Pope Benedict XVI will leave behind a Catholic Church grappling with crises from child abuse scandals involving priests to confronting radical Islam as well as struggling to find its place in an increasingly secular Western world.
German cardinal Joseph Ratzinger, who will step down at the end of this month after an eight-year pontificate, was elected pope on April 19, 2005 at a time when anger at clerical abuse was at its height in parts of Europe and North America, shaking the faith of many ordinary Catholics.
In 2008, he became the first pope to express “shame” over the abuse and to meet victims.
But he was criticised for failing to realise the scale of the problem during his previous 24-year career as head of the Congregation for the Doctrine of the Faith, the main doctrinal body of the Church.
Widely seen as an ultra-conservative, the first German pope in history has proved in many ways more flexible and modern than his Polish predecessor.
He was the first pope to speak about the possibility of using a condom, although only in the very specific case of a sex worker with AIDS.
In a book of interviews that came out in 2010 entitled “Light of the World” he said this could be a first step towards a “more humane sexuality”.
He has also avoided giving moral lessons and has spoken — often in a very personal way — on matters of faith.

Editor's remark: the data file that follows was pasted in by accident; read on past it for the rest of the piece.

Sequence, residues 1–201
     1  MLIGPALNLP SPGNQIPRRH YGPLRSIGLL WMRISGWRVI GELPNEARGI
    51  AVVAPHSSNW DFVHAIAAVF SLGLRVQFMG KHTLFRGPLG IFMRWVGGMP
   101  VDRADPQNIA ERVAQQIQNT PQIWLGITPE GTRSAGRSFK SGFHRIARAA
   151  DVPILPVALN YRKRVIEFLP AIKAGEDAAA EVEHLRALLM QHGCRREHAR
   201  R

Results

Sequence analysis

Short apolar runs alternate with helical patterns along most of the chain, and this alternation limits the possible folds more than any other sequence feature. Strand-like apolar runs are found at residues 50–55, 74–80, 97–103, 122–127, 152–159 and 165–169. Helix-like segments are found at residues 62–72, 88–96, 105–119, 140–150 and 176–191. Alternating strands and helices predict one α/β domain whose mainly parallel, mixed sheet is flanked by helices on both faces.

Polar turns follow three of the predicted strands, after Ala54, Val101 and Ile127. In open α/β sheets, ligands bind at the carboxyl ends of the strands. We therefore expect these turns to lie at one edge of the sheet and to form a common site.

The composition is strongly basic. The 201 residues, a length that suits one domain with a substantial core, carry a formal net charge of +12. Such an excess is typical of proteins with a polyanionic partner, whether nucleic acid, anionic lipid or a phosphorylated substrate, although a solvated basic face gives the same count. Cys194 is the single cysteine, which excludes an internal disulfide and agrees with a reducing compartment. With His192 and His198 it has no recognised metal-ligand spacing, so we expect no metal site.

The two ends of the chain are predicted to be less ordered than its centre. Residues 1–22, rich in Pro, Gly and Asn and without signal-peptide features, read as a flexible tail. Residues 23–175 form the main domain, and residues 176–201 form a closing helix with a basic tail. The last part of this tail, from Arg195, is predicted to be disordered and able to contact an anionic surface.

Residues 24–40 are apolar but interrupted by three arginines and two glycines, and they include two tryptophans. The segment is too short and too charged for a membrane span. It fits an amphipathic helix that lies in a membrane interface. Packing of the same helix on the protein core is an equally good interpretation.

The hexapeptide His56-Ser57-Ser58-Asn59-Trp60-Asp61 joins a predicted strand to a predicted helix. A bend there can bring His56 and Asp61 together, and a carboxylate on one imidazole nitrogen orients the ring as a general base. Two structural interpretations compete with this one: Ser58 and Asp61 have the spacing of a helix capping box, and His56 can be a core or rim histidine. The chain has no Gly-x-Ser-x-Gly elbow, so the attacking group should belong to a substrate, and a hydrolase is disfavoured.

Benedict focused his papacy on restoring the Catholic Church’s identity, improving the coherence of its message and pushing for a respectful dialogue with other faiths and with atheists.
He has seen himself as a source of stability amid lingering uncertainties following the Second Vatican Council in the 1960s and the pontificate of John Paul II, which was marred by the late pope’s long illness and his hugely conservative outlook.
Nicknamed “God’s Rottweiler” in Germany for his strictness while at the Congregation for the Doctrine of the Faith, Benedict began stamping his authority on the Church even before becoming pope.
As pope, he preferred to be surrounded by prelates who were loyal to the faith and he was always distant from the intrigues of the Curia, which eventually caught up with him last year.
The “Vatileaks” scandal in which hundreds of confidential papal memos were leaked to the press by his once loyal butler Paolo Gabriele revealed serious tensions in the Vatican, particularly between conservatives and progressives, advocates of transparency and of secrecy.
A reserved man, people who have met him say Benedict is attentive and hospitable in person.
He has been keen to communicate through new media, becoming the first ever pope with a Twitter account.
He has said he believes the Church will be marginalised if it does not keep up with the times.
At the same time, he has also said Christianity will only remain credible in the modern world if it is demanding.
A smaller and more confident Church is preferable to a vague community of faith, he has said.
Concerning internal reforms, he has ruled out any change on the rule of priestly celibacy.
He also opened the door to conservative Anglicans opposed to the ordination of women and gay people.
At the same time, he increased dialogue with Orthodox believers and with Protestants.
Initially shunned by Muslims over some misunderstood and controversial comments linking the religion to violence, he multiplied his appeals in recent years for a peaceful coexistence between the world’s two great monotheistic religions.
He has however been less of a diplomat than his predecessor John Paul II, calling for greater openness in China and peace in the Middle East with little tangible effect.
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